The dog days of summer will be here before you know it. If you recently replaced your old AC unit with a new, energy-efficient system, you can relax and enjoy a comfortable home and lower utility bills. If you’re one of the millions of homeowners with an older system, you may be faced with a tough decision – whether to replace or repair your AC unit. Here are some things to consider when deciding.
One of the most common questions people ask when considering purchasing a new AC unit is, “How long will it last?”
The answer depends on a number of things, including the type of system, the overall quality of the components, how much the system is used, the local climate, and whether the system is properly sized, installed and maintained.
Types of AC Systems
Central air conditioners come it two varieties – split systems and packaged units.
Split system central air conditioners feature a metal outdoor unit that houses the compressor and condenser and an indoor unit that contains the evaporator and furnace or indoor part of a heat pump.
Packaged central air conditioning systems feature an outdoor cabinet which houses the evaporator, condenser, and compressor, which is typically placed on a concrete slab located near an exterior wall. They also typically include a natural gas furnace or electric heating coils.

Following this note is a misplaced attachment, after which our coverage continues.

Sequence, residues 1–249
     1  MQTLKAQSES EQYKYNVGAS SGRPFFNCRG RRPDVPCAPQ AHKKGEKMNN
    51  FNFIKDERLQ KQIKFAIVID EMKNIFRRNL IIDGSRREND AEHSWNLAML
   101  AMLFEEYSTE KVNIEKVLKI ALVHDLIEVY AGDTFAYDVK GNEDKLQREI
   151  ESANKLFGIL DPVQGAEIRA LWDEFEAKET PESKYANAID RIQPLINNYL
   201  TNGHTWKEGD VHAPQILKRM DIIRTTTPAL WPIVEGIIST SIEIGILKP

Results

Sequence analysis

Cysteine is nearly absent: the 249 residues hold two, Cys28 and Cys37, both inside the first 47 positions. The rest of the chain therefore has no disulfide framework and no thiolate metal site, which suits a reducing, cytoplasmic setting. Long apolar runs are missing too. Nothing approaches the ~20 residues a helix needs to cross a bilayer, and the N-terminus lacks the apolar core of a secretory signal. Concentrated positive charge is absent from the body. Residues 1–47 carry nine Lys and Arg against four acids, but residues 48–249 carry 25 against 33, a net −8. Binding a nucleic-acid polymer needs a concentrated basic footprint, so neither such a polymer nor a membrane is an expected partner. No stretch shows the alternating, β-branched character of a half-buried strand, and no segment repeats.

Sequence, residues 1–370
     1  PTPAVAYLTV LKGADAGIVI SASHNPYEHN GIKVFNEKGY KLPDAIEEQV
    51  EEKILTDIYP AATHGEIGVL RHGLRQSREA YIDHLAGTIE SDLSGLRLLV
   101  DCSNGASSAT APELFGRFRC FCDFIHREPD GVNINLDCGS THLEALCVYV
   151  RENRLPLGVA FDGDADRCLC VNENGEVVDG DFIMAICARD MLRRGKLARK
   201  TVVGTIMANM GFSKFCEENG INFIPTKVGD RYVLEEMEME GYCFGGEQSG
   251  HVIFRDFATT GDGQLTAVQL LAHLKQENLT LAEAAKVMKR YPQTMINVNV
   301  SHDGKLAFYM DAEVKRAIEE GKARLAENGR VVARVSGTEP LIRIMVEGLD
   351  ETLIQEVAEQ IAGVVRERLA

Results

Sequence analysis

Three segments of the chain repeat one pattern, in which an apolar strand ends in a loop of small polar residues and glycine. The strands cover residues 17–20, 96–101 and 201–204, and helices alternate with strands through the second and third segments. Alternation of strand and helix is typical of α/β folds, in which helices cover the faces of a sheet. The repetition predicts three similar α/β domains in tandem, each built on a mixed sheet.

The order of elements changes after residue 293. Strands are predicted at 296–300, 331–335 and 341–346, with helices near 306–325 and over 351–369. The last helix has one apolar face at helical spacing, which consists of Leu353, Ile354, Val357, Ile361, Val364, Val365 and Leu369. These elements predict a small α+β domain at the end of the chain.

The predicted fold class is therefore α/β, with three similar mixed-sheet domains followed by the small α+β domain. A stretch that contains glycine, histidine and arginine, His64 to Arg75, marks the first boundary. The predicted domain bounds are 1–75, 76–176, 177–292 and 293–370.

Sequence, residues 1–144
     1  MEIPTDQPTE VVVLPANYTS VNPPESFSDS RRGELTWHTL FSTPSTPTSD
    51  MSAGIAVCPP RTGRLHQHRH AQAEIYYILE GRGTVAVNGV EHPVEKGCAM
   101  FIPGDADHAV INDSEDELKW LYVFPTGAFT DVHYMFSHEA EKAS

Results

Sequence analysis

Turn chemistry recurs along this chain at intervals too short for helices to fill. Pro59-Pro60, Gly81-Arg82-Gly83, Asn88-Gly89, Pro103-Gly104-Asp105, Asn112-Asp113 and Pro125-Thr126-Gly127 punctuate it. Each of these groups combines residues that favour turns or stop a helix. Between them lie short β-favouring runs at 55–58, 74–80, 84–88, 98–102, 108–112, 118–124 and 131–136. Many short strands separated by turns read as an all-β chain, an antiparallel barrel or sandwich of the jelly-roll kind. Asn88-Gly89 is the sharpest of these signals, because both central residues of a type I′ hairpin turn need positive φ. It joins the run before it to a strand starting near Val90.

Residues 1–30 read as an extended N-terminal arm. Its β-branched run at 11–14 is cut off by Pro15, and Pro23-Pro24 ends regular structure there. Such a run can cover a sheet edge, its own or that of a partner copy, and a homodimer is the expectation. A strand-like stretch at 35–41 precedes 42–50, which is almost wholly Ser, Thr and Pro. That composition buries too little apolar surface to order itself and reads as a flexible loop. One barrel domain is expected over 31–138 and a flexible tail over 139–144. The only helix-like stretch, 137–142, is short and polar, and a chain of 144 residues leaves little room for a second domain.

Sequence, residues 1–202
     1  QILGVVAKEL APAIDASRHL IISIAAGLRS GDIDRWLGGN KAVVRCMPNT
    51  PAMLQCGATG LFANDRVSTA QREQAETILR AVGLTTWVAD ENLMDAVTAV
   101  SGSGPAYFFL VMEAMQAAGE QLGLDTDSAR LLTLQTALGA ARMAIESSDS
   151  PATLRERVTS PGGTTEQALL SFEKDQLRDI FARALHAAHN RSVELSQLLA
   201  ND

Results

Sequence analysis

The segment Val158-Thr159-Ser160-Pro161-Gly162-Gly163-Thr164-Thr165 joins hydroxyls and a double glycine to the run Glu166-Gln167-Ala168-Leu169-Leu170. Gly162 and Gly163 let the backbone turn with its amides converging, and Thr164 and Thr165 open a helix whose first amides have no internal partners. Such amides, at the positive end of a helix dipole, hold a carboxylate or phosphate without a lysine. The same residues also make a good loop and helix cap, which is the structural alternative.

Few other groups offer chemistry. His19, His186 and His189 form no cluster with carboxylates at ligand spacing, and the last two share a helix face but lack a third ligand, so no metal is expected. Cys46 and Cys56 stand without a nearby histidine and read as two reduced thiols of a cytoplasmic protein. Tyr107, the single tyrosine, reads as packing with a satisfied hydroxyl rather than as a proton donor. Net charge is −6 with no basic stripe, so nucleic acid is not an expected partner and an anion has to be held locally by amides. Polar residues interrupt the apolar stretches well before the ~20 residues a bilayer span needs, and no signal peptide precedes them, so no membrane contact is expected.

Packaged units are often used for small commercial buildings and mounted on the building’s roof. Supply and return ducts are run though the exterior wall or roof.
Split systems are more energy efficient, but packaged units are a popular choice for homeowners with limited space. When purchasing a new AC systems, it’s best to go with the type that’s already installed in your home.
Quality of the AC System
On average, an AC unit from a reputable manufacturer should last between 15-20 years before needing to be replaced. Keep in mind that when it comes to AC systems, as with most other things, going for the less expensive option may save you money at the time, but can cost you in the long-run.
The term of the manufacturer’s warranty is also a good indicator of how long the unit will last. The typical warranty for a name brand system will be anywhere from five to 15 years.
Usage and Climate
It just makes sense that mechanical systems that receive more usage will require more maintenance and repairs and will need to be replaced sooner than those that are used less frequently. For example, homeowners in the southern U.S. tend to run their AC units on a regular basis from early May through mid-October while those in the Northeast and Midwest may only require air conditioning from mid-June through early September.
In addition to temperature, humidity is another factor that can have a big effect on your AC system’s life expectancy. Air conditioners cool by removing heat and moisture from the indoor air, so higher humidity levels cause your home’s AC system to work longer and harder, thereby reducing its life expectancy.
AC Unit Sizing and Maintenance